47. Are ‘following to join’ relatives included in the Affidavit of Support?
Family members who will not immigrate within the six-month validity period of the Affidavit of Support should not be listed on it. Petitioners must submit new affidavits of support for ‘following to join’ immigrants at the time they immigrate if it is later than six months after they signed the original Affidavit of Support.
48. Will Consular and Immigration Officers interview sponsors?
Sponsors will not routinely be interviewed. An officer may request that the intending immigrant provide additional information from his or her sponsor at any time during the adjudication of the case. An immigration officer may request that a sponsor appear for an interview if he or she believes that an interview is necessary to make a decision in the case; on rare occasions, a Consular officer could request an interview if the sponsor is overseas.
49. What are the penalties for sponsors who make false statements on the Affidavit of Support?
The criminal penalty for false statements (18 USC 1001) or perjury (18 USC 1621) is a term of imprisonment for up to five years, a fine, or both. The criminal penalty for visa and other document fraud (18 USC 1546) is a term of imprisonment for up to 10 years, a fine, or both. All of these offenses have a five-year statute of limitation. Additionally, if fraud is discovered on an Affidavit of Support, the intending immigrant’s Adjustment of Status or immigrant visa application will be denied.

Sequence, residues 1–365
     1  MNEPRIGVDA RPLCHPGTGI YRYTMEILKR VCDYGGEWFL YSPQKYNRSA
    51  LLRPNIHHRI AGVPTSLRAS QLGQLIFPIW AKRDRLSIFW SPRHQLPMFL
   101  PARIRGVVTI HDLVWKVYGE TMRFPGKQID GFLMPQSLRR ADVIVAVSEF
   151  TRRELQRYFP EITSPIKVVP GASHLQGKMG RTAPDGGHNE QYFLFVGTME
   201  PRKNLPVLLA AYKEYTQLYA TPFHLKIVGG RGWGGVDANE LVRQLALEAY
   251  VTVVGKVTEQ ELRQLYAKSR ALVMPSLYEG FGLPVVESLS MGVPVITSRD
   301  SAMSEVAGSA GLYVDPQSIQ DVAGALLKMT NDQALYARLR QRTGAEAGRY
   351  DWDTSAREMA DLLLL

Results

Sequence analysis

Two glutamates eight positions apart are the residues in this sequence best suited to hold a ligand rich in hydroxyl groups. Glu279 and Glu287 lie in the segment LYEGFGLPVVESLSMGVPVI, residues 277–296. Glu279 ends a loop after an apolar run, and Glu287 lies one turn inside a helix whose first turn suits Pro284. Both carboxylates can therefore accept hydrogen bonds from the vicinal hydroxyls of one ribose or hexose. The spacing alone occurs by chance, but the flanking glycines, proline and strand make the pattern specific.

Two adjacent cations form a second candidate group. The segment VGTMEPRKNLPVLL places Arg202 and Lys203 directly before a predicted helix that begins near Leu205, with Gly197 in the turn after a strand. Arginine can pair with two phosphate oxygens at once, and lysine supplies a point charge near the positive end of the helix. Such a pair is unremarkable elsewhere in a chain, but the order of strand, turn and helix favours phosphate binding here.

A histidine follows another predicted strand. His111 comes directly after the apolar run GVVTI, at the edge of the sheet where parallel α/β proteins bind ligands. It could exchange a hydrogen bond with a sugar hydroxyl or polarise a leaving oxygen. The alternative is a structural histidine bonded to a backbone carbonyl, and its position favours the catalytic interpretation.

50. What are the ‘change of address’ responsibilities that a sponsor has and what is the penalty for not complying?
During the period in which the Affidavit of Support is in force, sponsors are required to report all changes in their addresses to the Immigration and Naturalization Service on Form I-865, Sponsor’s Change of Address, within 30 days of the change. If a sponsor fails to comply with this provision, he or she is subject to a penalty ranging from $250 to $2,000, unless the sponsor knew that the sponsored immigrant had received ‘means-tested public benefits’. In this instance the fine will range from $2,000 to $5,000. The law requires that sponsors also report their changes in address to the States in which the sponsored immigrants reside. USCIS will not assess penalties if sponsors have reported their address changes to USCIS.
51. Can Form I-134 Affidavit of Support continue to be submitted by immigrants?
No, beginning December 19, 1997, the old Affidavit of Support, Form I-134, can no longer be filed with applications for immigrant visas or adjustment of status by family or employment-based immigrants. The form will continue to be used for certain other groups of aliens such as parolees and nonimmigrants.
52. Should K-1 fiance visa applicants use the I-864 or the I-134?
Since fiancés are nonimmigrant visa applicants, they should use the Affidavit of Support, I-134. They will need to submit an I-864 to USCIS when they adjust status to conditional immigrant in the U.S. after they are married.
53. How do I file an Affidavit of Support?